New Zealand’s Wine History
The far North and west Auckland are where some of the first wines were made in New Zealand.
In 1819 Anglican missionary the Reverend Samuel Marsden planted the very first vines in the rich soils of Kerikeri and in the late 1830s Official British Resident James Busby produced the first recorded example of wine made here. It was a sparkling white wine and judged ‘very drinkable’ by a passing French official.
Then, from the turn of the 19th Century, a trickle of immigrants from what was part of the Austro-Hungarian empire (now Croatia) began to arrive here, in search of a better life – an escape from poverty and political instability in Europe. Into the 1920s and 1930s more and more arrived from the Adriatic coastal region of Dalmatia. They worked very hard – literally scratching a living, digging up buried kauri tree ‘gum’ resin from ancient forests north of Auckland. And it was very hard work. Iron spears blindly located the buried treasure, and then it was manually dug out of the heavy yellow clay. At the time, there was a thriving trade in kauri gum for making varnishes and glues.
These Croatian labourers saved up enough money to buy land. Some of them settled in the far north around Dargaville, Whangarei and Kaitaia, and a few intermarried with local Ngapuhi tribal Māori. The majority settled in northwest Auckland’s Oratia, Henderson Valley and Kumeu regions, where they grew fruit and vegetables alongside their family vineyards, growing grapes to make their own wine for daily consumption, as they had done in the old country.
These were the humble beginnings of some of our prominent wine labels: Kumeu River, Babich, Nobilo and Oyster Bay. Around the same time, some renowned smaller Auckland labels were making a start, for example West Brook, Soljans, Mazurans, Collards, Corbans and Selaks. 1961 was a particularly good year for our wine industry – George Fistonich started Villa Maria wines in Mangere, the same year that Frank and Maté Yukich began Montana (now Brancott) in Titirangi.
Today, the Big Four – Montana, Nobilo, Matua and Villa Maria – are all Auckland-based and export large volumes of our wine overseas, through the port of Auckland to the thirsty markets of Australia, the Pacific, North America and the United Kingdom.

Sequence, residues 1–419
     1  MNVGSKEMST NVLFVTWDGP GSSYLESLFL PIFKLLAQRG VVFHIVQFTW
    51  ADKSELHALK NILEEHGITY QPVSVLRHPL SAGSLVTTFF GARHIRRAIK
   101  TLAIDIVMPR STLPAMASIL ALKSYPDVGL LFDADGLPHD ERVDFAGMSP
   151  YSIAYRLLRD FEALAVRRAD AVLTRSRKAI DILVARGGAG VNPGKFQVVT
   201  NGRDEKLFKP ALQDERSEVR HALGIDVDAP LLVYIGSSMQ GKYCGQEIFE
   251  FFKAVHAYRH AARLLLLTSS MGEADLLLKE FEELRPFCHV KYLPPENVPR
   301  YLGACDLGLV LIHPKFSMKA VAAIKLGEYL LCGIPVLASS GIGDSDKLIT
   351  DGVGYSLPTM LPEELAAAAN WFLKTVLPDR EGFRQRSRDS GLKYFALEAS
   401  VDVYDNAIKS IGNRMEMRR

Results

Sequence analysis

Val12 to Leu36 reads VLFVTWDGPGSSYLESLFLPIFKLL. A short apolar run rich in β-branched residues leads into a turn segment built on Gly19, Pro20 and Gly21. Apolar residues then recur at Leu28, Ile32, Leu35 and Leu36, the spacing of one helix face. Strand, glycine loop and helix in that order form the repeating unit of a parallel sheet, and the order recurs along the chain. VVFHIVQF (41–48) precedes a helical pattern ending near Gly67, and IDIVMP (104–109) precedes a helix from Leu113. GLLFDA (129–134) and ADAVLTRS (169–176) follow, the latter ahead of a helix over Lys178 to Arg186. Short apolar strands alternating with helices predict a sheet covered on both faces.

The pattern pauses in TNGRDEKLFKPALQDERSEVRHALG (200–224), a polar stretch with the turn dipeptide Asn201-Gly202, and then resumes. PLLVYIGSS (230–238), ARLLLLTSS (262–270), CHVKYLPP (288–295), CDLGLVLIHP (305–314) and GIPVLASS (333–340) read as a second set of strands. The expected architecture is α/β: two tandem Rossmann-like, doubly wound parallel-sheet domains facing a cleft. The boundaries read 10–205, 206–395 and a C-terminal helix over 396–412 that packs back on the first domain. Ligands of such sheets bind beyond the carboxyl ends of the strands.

Aside from small attempts at grape growing by French settlers in Akaroa and German settlers in Motueka, Hawke’s Bay represents the other major component in our wine history. Thanks to the Catholic Church’s Marist order of priests, the Mission vineyard was primarily established to produce sacramental wines for use in the Catholic Mass. And Mission Estate was one of our earliest commercial vineyards, with its first sales in 1895. Hawke’s Bay has declined somewhat in terms of production, but is still one of the premium red-wine regions – particularly the branded Gimblett Gravels region.
Into the 1950s and into the 1960s there was still very little demand for table wines. The majority of wines sold in those days were Ports and Sherries – sweet wines fortified with grape spirit. Beer had been the national beverage for decades. But slowly, over the years, and into the 1970s, the NZ palate became a bit more sophisticated.
Wine producers rose to the challenge and produced easy-drinking sweet unsophisticated wines like ‘Sauternes’ and ‘Rhine Rieslings’ from bulk-produced, high-cropping white grapes. In the mid-1970s, the notorious sparkling sweet red wine from Montana Cold Duck was seen as a very classy wine. Over the next 10 years, easy-drinking sweet-to-medium white wines like Riesling, Gewürztraminer and Muller-Thürgau dominated the market. God-awful bag-in-box wines were very popular, some not even technically wine. I recall a brand named Brother Dominic ‘White’ which was allegedly largely made from ethyl alcohol, flavourings and chemicals. Some of my worst hangovers and more regrettable incidents in the late 1970s are related to this beverage.
By the mid 1980s, because of over-planting, the government actually paid growers to pull out these vines, in the hope that they would return vineyards to pasture land. In the event they did rip out the old ones, but canny growers replaced inferior vines with improved varietal clones of the classical European grape varieties we see now.
By happy coincidence, having been established for around 10 years, and begun by Montana Wines, Marlborough’s Sauvignon Blanc output was gaining international acclaim. Planting Chardonnay, Riesling, Merlot and many other classic grape varieties was encouraged.
The industry has since then grown exponentially, with what seems every part of the country from north to south exploring grape growing. Wine is now second only to agriculture as our largest export product, with Sauvignon Blanc still leading, but our Pinot Noir gaining more recognition to the extent that it is our second-largest grape variety.